Daniel Dagenhart
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  Nobody uses Vector any more. Declare your Lists as type List and implement them as ArrayList (both in the java.util package).


I been hearing that a lot . I did some research on it, and it does seem obsolete. I did read about synchronization for Vectors while arraylist does not.. I also understand that one thread call method on a vector at a time, where an arraylist doesnt have this issue.  I guess i better get updated information instead of out dated stuff. 

Have you been told to use that class name? It is a dreadful name for a class.

I can take the underscores out of it.  I got Clean Code book, still need to read it. I have been learning Java from a 70+ year old man.

What did you use to open that data file? If you opened it with a text editor, it is probably not a random access file but a text file and you shou‍ld consider a different way to read from it.

.  WHen you click right click on file and see the properties , it says Type of file: file .  its not saved as a text file.. You can open it with note pad and the contents look like this
MARY SMITH:F;100,33,90,80,70 BILL WILLIAMS:M;90,98,99,89,88 RALPH SUMMERS:M;22,33,54,56,78 HOLLY MASTERS:F;70,72,76,80,100 "JAMES WATERMELLON:M;45,54,67,72,71 "ANTHONY ROBERTSON:M;80,80,87,78,90  ALICIA SOMERSET:F;24,67,67,55,90 MARIA TANZELLI:F;55,77,78,54,44 ROBERTA KINK:F;32,66,90,4,12 MALCOLM MOLE:M;55,76,90,90,87

All of that is on a single line.
I access with this bit of code using Eclipse or BlueJ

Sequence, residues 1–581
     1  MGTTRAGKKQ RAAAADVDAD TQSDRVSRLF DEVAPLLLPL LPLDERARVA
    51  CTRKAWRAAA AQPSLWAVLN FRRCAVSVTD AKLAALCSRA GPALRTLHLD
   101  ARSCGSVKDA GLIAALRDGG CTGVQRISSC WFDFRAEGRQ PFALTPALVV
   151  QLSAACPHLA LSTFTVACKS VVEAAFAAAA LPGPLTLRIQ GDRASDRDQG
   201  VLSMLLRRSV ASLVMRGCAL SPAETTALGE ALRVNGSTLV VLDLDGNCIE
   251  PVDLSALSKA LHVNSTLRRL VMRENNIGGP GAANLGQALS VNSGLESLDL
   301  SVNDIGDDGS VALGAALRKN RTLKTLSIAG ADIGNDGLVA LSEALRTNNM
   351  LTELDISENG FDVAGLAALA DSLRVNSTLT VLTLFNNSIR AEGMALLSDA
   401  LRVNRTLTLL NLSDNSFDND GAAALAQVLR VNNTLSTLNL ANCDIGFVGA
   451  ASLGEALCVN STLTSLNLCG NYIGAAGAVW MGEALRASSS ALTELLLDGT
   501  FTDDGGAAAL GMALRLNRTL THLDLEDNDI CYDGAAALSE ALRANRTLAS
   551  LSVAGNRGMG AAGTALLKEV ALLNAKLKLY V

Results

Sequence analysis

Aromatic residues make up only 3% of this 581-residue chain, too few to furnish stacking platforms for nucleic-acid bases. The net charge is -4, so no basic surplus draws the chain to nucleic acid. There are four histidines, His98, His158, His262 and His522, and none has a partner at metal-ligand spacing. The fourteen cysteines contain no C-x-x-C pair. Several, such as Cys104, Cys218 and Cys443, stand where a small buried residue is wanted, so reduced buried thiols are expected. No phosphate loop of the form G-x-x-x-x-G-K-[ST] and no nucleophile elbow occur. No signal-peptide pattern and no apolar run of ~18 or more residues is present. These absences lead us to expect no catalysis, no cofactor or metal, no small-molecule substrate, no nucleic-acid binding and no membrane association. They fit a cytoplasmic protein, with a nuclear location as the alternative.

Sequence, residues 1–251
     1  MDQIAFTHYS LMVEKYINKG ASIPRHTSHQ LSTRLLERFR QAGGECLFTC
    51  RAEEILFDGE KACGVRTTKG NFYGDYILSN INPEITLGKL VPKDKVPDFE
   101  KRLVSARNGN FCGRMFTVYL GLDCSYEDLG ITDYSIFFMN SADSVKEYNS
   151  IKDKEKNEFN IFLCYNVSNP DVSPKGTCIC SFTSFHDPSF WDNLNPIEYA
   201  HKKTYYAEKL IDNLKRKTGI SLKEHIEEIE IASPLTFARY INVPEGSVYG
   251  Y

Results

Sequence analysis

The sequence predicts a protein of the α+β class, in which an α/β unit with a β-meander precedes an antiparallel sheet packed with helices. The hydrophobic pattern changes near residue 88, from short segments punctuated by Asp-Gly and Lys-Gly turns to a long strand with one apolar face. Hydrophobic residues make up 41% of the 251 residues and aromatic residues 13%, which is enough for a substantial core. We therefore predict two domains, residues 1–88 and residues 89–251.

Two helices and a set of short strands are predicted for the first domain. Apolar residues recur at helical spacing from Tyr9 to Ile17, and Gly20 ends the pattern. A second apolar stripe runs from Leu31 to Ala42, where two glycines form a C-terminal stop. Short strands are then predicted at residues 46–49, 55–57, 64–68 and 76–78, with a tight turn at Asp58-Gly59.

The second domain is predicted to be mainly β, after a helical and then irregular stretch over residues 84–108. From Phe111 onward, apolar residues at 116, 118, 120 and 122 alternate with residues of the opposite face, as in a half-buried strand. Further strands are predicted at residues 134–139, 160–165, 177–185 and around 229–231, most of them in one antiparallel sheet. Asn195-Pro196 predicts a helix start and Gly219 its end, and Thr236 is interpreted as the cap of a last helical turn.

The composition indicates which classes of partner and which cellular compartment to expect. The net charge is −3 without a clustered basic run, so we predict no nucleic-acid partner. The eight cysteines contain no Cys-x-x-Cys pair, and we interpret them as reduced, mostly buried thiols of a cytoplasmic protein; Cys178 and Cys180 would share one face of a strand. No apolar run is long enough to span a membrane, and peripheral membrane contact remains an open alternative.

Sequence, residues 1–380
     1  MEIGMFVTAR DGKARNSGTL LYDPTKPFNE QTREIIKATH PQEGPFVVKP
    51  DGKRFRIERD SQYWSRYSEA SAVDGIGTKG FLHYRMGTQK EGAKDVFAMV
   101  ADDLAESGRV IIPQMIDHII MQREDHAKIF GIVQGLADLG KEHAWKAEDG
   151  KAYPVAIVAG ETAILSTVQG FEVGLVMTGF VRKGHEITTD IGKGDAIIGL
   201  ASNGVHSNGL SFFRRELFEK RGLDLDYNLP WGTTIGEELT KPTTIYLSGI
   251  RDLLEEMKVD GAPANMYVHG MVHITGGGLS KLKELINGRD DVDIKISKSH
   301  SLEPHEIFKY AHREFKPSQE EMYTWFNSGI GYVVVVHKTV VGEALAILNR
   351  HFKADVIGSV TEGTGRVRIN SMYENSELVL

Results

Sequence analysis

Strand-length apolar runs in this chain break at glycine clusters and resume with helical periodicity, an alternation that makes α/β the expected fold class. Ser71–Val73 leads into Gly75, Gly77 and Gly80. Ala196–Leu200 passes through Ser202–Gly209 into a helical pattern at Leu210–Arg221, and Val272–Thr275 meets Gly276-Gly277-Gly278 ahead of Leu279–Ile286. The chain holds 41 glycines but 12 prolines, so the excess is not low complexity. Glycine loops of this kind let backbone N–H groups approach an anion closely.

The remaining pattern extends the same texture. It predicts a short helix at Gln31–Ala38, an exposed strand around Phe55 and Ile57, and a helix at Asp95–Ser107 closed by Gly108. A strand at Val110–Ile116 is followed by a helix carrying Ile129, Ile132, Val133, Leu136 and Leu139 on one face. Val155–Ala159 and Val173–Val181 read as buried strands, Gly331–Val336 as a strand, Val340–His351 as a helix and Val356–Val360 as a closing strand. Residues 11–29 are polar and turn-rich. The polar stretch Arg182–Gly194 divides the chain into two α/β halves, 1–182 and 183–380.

raf = new RandomAccessFile(fileToRead,"r");
                do{
                temp=raf.readUTF();
 
Carey Brown
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Daniel Dagenhart wrote:You can open it with note pad and the contents look like this
MARY SMITH:F;100,33,90,80,70 BILL WILLIAMS:M;90,98,99,89,88 RALPH SUMMERS:M;22,33,54,56,78 HOLLY MASTERS:F;70,72,76,80,100 "JAMES WATERMELLON:M;45,54,67,72,71 "ANTHONY ROBERTSON:M;80,80,87,78,90  ALICIA SOMERSET:F;24,67,67,55,90 MARIA TANZELLI:F;55,77,78,54,44 ROBERTA KINK:F;32,66,90,4,12 MALCOLM MOLE:M;55,76,90,90,87

Anyone: could this be due to "\n" vs  "\r\n" in the file? This just doesn't seem right to me.
 
Liutauras Vilda
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Probably not a good idea to have fixName, capitalize, fix something else in Person class. Person class supposed to receive only valid values. If you need to fix them, fix them before you pass to Person.
 
Carey Brown
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Carey Brown wrote:
Daniel Dagenhart wrote:You can open it with note pad and the contents look like this
MARY SMITH:F;100,33,90,80,70 BILL WILLIAMS:M;90,98,99,89,88 RALPH SUMMERS:M;22,33,54,56,78 HOLLY MASTERS:F;70,72,76,80,100 "JAMES WATERMELLON:M;45,54,67,72,71 "ANTHONY ROBERTSON:M;80,80,87,78,90  ALICIA SOMERSET:F;24,67,67,55,90 MARIA TANZELLI:F;55,77,78,54,44 ROBERTA KINK:F;32,66,90,4,12 MALCOLM MOLE:M;55,76,90,90,87

Anyone: could this be due to "\n" vs  "\r\n" in the file? This just doesn't seem right to me.